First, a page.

`If your imagination is stuck, please cut out two triangles roughly the given size, lift the points by 28 degrees, and look at where their long sides touch, to see that 10.40 degrees for the cut will definitely fit better than 61.85 or 61.5...`

`Prost!`

26 Jan 2010 — 10:44am

dberlow, it's a no-brainer to build these at 61.6 ... or whatever. Two ways to go about it are to order a custom cutter and throw it onto your router, or get a machine shop to do the job. The goods with their fancy cnc machines do it all time.

Just like type.

So ...yep, your math is still incorrect. But you were close ;)

27 Jan 2010 — 5:33am

Interesting, you contend that 'correct' is based on pure mathematics.

I think it is more closely associated with the achievability of the user, in this case.

Someone building a Bird House, doesn't need your answers.

Cheers!

27 Jan 2010 — 6:10am

Call it what you like, you'de be getting 60° ± .25° if you are lucky

27 Jan 2010 — 6:33pm

:o)…

When I was a welder/fabricator, building scales for trucks and trains, the engineering department used to send us plans with angles spec'ed out to 3 decimal places.

We, on the shop floor, would laugh and laugh… :o)

30 Jan 2010 — 10:51pm

When I was in first year Uni, I started my first company. A plastics fabrication company. I built it specifically to take on design work from other architects ... nineteen years later that company still lives.

It's got a laser cutting machine, a CNC machine, and a bunch of common grunt machines too. The lads can easily work to .01 of a degree accuracy. And btw, they like to work with accurate drawings, even if it is for something as mundane as a roof of a bird house.

So ya, your math is still incorrect ;)

Get over it.

31 Jan 2010 — 10:58am

an accurate drawing with achievable tolerances is probably what the lads appreciate. If the person asking this off-topic question is building a birdhouse with CNC equipment she didn't say so.

1 Feb 2010 — 4:20am

> The lads can easily work to .01 of a degree accuracy. And btw, they like to work with accurate drawings, even if it is for something as mundane as a roof of a bird house.

Et Voila! all the bird houses get made in China! ;)

Cheers!

1 Feb 2010 — 7:30am

`Haleluja, you're jousting about hundreds of milimeters, but your answers are wrong by roughly 50 degrees :-)`

The lady wants to know the angle for a nice joint (probably dutch ;-) between a and b.

`5star: I'd love to have such a laser cutter machine, when it can cut nice curves.`

Can you recommend a model?

`Last time I was cutting against a machine I clearly won on the curves, I do them without tiny wobbles :-)`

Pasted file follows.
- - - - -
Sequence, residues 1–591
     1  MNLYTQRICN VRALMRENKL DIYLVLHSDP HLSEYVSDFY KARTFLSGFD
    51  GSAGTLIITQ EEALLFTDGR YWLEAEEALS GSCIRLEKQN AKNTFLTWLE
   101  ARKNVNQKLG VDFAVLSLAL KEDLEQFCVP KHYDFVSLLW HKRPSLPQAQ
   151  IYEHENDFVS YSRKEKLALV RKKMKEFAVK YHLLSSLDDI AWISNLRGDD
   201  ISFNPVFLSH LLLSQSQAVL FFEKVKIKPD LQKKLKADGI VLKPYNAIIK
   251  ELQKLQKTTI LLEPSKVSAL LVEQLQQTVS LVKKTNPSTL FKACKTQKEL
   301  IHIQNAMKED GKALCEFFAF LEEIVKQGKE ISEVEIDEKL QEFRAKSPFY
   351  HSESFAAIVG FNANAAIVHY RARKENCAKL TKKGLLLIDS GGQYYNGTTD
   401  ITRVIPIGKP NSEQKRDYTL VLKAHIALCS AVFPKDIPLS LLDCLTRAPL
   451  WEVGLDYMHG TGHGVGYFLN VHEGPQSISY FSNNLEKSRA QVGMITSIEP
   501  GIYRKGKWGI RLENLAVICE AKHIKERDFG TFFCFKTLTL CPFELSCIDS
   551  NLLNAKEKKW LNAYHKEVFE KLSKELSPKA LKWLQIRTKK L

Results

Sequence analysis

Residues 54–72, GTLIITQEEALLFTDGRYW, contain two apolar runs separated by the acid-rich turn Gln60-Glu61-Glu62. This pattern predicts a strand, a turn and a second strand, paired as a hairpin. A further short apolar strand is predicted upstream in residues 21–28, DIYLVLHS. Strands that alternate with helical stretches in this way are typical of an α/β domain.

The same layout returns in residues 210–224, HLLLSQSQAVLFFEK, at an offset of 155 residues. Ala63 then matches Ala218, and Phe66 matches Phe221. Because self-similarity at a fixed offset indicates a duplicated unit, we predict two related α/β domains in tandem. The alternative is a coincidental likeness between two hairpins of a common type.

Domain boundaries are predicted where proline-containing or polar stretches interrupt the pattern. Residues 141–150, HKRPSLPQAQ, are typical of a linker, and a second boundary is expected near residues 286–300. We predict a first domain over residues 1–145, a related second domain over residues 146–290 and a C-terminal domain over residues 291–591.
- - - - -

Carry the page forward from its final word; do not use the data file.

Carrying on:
1 Feb 2010 — 9:32am

Could we *PLEASE* get back on topic here?

So, which typeface are we leaning towards for the house numbers on the bird house?

1 Feb 2010 — 11:31am

Et Voila! all the bird houses get made in China! ;)'Bird house' a metaphor for China itself?

I'd love to have such a laser cutter machine, when it can cut nice curves. Can you recommend a model?A sweet little Gravograph.

So, which typeface are we leaning towards for the house numbers on the bird house?Something blackletter?

1 Feb 2010 — 2:19pm

A sweet little Gravograph

`Thanks! the're demo-ing in 2 weeks nearby, I'll be there.`

So, which typeface are we leaning towards for the house numbers on the bird house?

`It must be something that you can burn in the wood, like Jointed or Smokehouse`

`to get back on topic, so the general formula for the cutting angle of the long sides of the triangles for the octagonal roof should be something expressed in the long sides' length and the base. Phew, I think I'll need a few hours for that.`

2 Feb 2010 — 5:04am

something expressed in the long sides' length and the base.

`I am only a moderate mathemathician, but I'll give it a try in the coffee breaks.`

`There are 2 special cases to verify the formula.`

`The first is when the long sides of the triangle are 0.5/sin 22.5 = 130.6563% bigger than the base, then the roof will be flat, the cutting angle for the base is 90 degrees (you cut of everything so a 2-dimentsional roof remains), and the cutting angle for the long sides of the triangle is zero degrees (a vertical cut with no depth :-).`

`The 2nd special case is when the long lengths of the triangle are infinite, the cutting angle for the base will be zero degrees (a vertical cut with the depth of the material thickness) and the cutting angle for the long sides is 90-(180-45)/2 = 22.5 degrees. (alternatively calculated with: 90 - arc cos(0.5/(0.5/sin22.5)))`

`So, the cutting angle for the long sides of the triangle must be between zero degrees for a flat roof, and 22.5 degrees for an extremely high roof. Coffee brake over`